National Depression Screening Day - October 7
Whether for heart disease, high blood pressure, diabetes, or depression, health screenings provide a quick and easy way to spot the first signs of serious illness and can reach people who might not otherwise seek professional medical advice.
Major depression is one of the most common mental illnesses, affecting millions of Americans each year. And like screenings for other illnesses, depression screenings should be a routine part of healthcare.
To rapidly monitor changes in mental health status and access to care during the COVID-19 pandemic, CDC partnered with the U.S. Census Bureau to conduct the Household Pulse Survey (HPS). During August 2020–February 2021, the percentage of adults with recent symptoms of anxiety or a depressive disorder increased from 36.4% to 41.5%, and the percentage of those reporting unmet mental health care needs increased from 9.2% to 11.7%. Increases were largest among adults aged 18–29 years and those with less than a high school education.
These findings are consistent with results from surveys conducted early in the COVID-19 pandemic (March–June 2020) that showed an increased prevalence of mental health symptoms, especially among young adults (5–7). The more recent results indicate an increasing prevalence over time later in 2020, which remained increased in early 2021. The trends in symptoms of anxiety or a depressive disorder from HPS have been shown to be consistent with trends in the weekly number of reported COVID-19 cases, and it has been theorized that increases in these mental health indicators correspond with pandemic trends.
Basic Facts about Depression
- Major depression is one of the most common mental illnesses, affecting 6.7% (more than 16 million) of American adults each year.
- Depression causes people to lose pleasure in daily life, can complicate other medical conditions, and can even be serious enough to lead to suicide.
- Depression can occur to anyone, at any age, and to people of any race or ethnic group. Depression is never a "normal" part of life, no matter what your age, gender, or health situation.
- While the majority of individuals with depression have a full remission of the disorder with effective treatment, only about a third (35.3%) of those suffering from severe depression seek treatment from a mental health professional. Too many people resist treatment because they believe depression isn't serious, that they can treat it themselves, or that it is a personal weakness rather than a serious medical illness.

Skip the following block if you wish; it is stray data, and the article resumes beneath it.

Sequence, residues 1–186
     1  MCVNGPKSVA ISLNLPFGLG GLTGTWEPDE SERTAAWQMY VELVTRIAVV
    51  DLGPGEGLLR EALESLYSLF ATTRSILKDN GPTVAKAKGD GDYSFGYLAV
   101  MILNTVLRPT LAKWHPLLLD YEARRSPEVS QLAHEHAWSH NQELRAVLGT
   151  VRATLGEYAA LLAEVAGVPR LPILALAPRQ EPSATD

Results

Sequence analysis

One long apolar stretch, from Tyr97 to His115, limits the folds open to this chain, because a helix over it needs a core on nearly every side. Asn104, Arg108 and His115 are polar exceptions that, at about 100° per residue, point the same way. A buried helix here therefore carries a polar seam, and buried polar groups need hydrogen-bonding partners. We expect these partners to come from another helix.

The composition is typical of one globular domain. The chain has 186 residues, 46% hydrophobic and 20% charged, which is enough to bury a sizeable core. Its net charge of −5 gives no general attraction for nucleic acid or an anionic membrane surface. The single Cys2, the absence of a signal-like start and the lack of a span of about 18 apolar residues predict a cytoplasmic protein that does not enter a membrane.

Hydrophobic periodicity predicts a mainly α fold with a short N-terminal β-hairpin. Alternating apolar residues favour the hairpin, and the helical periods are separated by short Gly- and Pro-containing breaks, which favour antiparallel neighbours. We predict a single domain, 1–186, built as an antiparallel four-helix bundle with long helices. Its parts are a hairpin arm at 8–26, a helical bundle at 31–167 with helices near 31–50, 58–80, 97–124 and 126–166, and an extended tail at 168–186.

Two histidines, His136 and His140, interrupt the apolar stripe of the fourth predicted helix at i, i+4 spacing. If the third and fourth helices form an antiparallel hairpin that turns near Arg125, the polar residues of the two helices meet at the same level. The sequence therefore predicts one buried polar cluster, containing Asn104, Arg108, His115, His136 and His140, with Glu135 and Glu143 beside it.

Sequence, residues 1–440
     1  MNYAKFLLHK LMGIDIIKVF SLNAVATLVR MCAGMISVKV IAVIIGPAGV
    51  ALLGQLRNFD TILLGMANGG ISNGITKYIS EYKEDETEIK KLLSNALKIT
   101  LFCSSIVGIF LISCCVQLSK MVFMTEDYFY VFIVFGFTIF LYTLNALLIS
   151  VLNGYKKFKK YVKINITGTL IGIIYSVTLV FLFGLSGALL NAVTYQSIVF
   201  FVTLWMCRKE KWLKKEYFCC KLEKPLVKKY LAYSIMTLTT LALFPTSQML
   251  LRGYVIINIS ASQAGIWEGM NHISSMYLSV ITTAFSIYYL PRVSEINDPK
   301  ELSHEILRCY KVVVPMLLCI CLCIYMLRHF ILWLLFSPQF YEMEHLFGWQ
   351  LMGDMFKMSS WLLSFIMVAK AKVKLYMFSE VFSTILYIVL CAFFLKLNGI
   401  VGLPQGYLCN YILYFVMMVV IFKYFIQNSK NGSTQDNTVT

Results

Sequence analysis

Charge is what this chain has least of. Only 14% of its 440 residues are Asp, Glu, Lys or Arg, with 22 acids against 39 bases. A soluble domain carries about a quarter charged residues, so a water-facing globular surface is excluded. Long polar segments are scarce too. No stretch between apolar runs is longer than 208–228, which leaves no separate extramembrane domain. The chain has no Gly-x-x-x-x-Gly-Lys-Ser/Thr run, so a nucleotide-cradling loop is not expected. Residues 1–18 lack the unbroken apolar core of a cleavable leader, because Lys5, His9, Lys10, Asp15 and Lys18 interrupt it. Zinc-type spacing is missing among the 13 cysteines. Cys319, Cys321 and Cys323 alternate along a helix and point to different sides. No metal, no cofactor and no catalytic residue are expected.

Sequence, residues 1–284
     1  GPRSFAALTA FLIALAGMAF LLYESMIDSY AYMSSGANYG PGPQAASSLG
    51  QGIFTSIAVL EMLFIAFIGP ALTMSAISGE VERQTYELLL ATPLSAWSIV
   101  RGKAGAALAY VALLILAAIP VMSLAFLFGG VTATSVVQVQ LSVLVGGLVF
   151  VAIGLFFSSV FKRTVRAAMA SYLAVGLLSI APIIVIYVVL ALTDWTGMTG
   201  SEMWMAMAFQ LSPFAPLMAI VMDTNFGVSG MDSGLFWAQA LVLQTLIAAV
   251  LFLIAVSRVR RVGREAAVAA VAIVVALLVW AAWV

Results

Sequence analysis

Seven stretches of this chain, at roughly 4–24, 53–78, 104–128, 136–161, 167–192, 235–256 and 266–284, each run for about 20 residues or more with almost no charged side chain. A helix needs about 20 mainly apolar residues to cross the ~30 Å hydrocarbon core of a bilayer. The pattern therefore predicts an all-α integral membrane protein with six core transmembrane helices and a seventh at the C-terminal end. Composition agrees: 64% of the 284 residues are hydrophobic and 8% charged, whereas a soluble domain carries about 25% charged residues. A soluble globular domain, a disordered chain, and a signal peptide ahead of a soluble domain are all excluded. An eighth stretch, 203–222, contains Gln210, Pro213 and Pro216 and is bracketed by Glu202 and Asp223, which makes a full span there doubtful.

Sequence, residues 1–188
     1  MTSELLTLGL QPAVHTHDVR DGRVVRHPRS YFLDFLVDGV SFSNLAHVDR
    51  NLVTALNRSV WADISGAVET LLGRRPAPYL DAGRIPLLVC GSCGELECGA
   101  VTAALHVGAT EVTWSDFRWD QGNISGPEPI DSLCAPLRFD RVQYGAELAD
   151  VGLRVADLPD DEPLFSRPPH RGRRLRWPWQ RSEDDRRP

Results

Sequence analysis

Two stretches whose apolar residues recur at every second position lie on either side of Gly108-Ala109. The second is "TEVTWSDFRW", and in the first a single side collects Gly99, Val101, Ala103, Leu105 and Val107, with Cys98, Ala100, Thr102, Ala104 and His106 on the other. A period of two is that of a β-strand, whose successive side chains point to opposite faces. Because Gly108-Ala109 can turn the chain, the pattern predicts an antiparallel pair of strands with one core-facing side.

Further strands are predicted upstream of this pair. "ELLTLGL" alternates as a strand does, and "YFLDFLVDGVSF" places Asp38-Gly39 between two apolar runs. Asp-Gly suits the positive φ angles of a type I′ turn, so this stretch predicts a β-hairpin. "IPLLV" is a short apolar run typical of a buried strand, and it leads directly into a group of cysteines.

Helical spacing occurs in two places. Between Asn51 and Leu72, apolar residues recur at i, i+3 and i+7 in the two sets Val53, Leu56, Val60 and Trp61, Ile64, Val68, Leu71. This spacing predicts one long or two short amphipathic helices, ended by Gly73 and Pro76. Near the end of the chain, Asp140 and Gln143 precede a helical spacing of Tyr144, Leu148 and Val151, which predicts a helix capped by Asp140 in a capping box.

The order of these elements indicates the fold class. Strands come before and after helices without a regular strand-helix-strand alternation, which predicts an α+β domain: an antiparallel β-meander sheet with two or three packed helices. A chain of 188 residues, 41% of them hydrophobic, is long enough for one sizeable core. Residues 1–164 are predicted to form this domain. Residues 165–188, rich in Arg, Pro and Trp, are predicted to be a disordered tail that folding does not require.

Many things can contribute to clinical depression. For some people, a number of factors seem to be involved, while for others a single factor can cause the illness. Oftentimes, people become depressed for no apparent reason.
People with depression may have too little or too much of certain brain chemicals, called "neurotransmitters." Changes in these brain chemicals may cause or contribute to depression.
People with negative thinking patterns and low self-esteem are more likely to develop clinical depression.
More women experience depression than men. While the reasons for this are still unclear, they may include the hormonal changes women go through during menstruation, pregnancy, childbirth, and menopause. Other reasons may include the stress caused by the multiple responsibilities that women have.
Depression is more likely to occur along with certain illnesses, such as heart disease, cancer, Parkinson's disease, diabetes, Alzheimer's disease, Multiple Sclerosis, and hormonal disorders.
Side effects of some medications can bring about depression.
A family history of depression increases the risk of developing the illness. Some studies also suggest that a combination of genes and environmental factors work together to increase the risk for depression.
Difficult life events, including divorce, financial problems, or the death of a loved one can contribute to depression.
Types of Depression
Depressive Disorders are a category of mood disorders that involve extended periods of feeling extremely low and disrupt a person’s ability to enjoy life. Some of the most common Depressive Disorders include:
Major Depressive Disorder (clinical depression)
A mental health condition characterized by an inescapable and ongoing low mood often accompanied by low self-esteem and loss of interest or pleasure in activities that a person used to find enjoyable. To meet the criteria for Major Depressive Disorder (MDD), symptoms must be present nearly every day for at least 2 weeks. MDD is also often referred to as Major Depression.